• A disruption in business operations beginning after February 15, 2020 and continued due to the coronavirus pandemic. This includes companies that are fully or partially suspended by government orders or are unable to operate at their normal capacity due to the pandemic.

or

  • A revenue decline. Your eligibility is largely based on your 2019 records. First, your organization must have 500 or fewer employees in 2019 to qualify. Also, your company’s quarterly gross receipts in 2020 and 2021 must be at least 20% lower than the corresponding quarter in 2019. This is to prove your business was financially impacted by the Coronavirus lockdown.

To find out if your business qualifies for the Employee Retention Credit, you’ll need to check your records from 2019, 2020, and 2021 to see if you meet the parameters set by the IRS. You’ll need to have less than 500 full-time employees in 2019 and your quarterly gross receipts must have dropped by 20% in comparison to the same quarter in 2019.

Note that self-employed individuals cannot qualify for the ERC. However, companies that used work from home to retain staff are eligible to qualify.

If you’re confused about whether or not you qualify, there’s help to be found: companies like ERC Assistant can let you know if you qualify with a quick, simple online form.

Tax Credit For Employees

How do I apply for the employee retention credit?

If you qualify for the ERC but still haven’t received any money, you need to apply for the Employee Retention Credit.

Since the eligibility period for the ERC ended in October of 2021 and the 2021 tax deadline has come and gone, you can now only receive the tax credit retroactively. To do this, you’ll need to fill out and submit Form 941-X, Adjusted Employer’s Quarterly Federal Tax Return, available on the IRS website.

Form 941-X will walk you through the various information you need to provide, most of which is a detailed listing of relevant wages and income tax. The form is long and complicated, so put aside an hour or more to make your way through Form 941-X.

You should start the application process as soon as possible—once your forms are submitted, there is still a long wait before you’ll have your money in hand. While the IRS claims a wait time of six to ten months after Form 941-X is filed, many business owners have claimed 16 months or longer wait times!

Pro-Tip: Take this 60-second quiz to see if you qualify for the ERTC!

ERC Assistant

ERC-Assistant

Each company’s journey through COVID was unique. We recommend working with a company that has experience with filing ERC to maximize the eligibility return of ERC. See if ERC Assistant can help you get your ERC money faster and with less hassle.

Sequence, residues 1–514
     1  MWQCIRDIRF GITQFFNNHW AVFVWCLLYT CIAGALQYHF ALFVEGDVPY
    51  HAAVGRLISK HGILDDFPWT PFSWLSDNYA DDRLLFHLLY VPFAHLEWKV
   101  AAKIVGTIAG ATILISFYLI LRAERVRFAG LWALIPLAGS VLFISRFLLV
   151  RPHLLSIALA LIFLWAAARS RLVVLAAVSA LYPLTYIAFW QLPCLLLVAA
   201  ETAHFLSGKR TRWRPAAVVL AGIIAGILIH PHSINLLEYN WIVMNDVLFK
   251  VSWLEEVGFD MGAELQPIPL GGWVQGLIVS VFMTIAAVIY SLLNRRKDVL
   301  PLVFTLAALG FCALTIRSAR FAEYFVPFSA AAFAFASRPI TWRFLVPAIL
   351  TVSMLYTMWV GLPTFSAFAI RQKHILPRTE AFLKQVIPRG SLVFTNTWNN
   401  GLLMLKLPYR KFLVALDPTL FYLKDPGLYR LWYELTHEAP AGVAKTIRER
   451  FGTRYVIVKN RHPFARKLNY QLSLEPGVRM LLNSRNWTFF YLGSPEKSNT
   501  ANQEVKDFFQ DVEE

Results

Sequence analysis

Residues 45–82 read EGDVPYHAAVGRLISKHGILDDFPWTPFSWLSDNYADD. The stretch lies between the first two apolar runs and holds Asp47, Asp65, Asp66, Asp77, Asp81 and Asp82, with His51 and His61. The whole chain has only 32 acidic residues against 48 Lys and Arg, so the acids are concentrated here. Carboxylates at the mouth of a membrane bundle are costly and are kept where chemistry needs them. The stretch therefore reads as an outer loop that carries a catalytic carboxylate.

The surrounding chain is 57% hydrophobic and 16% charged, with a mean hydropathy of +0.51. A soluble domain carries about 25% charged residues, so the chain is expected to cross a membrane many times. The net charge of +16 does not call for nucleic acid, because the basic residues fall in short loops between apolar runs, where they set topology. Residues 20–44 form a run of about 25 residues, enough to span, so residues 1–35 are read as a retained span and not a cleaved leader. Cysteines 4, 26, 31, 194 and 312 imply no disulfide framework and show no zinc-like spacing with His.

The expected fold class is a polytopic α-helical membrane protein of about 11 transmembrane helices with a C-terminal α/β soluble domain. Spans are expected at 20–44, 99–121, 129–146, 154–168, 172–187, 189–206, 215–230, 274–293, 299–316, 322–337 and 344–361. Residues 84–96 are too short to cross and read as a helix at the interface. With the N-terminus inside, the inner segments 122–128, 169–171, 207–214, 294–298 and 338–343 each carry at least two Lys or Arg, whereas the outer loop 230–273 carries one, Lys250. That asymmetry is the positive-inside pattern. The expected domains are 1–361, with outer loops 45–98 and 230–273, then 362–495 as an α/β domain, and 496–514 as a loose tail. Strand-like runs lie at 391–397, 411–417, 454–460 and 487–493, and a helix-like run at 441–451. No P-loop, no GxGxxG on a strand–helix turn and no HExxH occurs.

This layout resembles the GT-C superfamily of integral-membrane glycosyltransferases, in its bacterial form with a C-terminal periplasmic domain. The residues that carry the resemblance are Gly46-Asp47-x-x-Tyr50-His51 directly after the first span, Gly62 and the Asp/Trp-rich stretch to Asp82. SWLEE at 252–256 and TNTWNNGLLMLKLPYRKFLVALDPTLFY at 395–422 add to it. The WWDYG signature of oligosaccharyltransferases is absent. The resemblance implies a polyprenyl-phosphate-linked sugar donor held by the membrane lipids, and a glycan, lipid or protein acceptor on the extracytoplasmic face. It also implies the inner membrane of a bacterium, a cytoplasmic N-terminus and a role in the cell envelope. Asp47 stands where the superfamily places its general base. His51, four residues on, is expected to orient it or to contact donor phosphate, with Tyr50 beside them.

ERC Assistant is an employee retention credit service that offers a streamlined process for onboarding clients and filing claims in as little as 1-2 weeks. ERC Assistant also has a secure Client Portal protecting sensitive information. You can get an initial ERC estimate at no cost, with minimal time invested on the front end. This service can also protect you from ERC-related scams or attempts at fraud that may be out there.

Lastly, the ERC Assistant team can deliver ready-to-file documents for the IRS without involving your payroll company.

ERC Assistant makes it easy to apply for the ERC by analyzing whether or not your business qualifies for the ERC Program, what amount you should receive and any additional technical details that might arise in this otherwise complex process. With the experts at ERC Assistant by your side, you don’t have to worry about navigating it yourself. They will guide you and outline the steps it will take for you to maximize the claim for your business.

Learn more: ERC Assistant

If you managed to retain staff while your business was financially hurt during the COVID-19 shutdown, you need to find out if you qualify for the Employee Retention Credit. You could receive tens of thousands of non-taxable dollars directly from the IRS. Take the time to learn about the Employee Retention Credit and receive the financial relief you deserve after the difficulties of the last few years.

👉 See If You Qualify